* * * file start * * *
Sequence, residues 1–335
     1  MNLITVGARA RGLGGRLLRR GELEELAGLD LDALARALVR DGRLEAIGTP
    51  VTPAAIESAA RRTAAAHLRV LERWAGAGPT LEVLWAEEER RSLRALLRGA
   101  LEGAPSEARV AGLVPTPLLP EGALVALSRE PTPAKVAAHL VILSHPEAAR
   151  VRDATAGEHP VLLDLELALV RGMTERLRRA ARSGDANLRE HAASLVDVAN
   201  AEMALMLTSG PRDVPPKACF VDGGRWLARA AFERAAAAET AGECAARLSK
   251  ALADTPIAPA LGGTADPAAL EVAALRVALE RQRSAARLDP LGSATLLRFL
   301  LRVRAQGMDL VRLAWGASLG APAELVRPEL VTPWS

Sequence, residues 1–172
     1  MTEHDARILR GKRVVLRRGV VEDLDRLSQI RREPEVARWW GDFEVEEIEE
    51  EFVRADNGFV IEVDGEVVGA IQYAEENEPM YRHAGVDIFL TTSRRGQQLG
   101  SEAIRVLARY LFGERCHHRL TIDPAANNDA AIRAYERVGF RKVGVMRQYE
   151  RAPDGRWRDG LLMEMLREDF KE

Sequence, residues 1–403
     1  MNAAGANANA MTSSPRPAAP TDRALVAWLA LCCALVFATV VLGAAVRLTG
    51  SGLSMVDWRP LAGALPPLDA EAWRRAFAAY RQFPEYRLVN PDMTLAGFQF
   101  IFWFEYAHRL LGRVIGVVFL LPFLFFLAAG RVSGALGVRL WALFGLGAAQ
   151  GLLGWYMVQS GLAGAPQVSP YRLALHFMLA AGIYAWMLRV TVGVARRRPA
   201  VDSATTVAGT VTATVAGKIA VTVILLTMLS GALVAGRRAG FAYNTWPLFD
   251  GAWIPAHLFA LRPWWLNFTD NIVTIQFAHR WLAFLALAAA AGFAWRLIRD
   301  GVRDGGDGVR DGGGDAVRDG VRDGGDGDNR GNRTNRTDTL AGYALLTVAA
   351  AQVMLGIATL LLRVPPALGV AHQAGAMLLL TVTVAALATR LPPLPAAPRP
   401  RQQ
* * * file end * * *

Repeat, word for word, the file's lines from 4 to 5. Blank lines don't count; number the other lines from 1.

   101  LEGAPSEARV AGLVPTPLLP EGALVALSRE PTPAKVAAHL VILSHPEAAR
   151  VRDATAGEHP VLLDLELALV RGMTERLRRA ARSGDANLRE HAASLVDVAN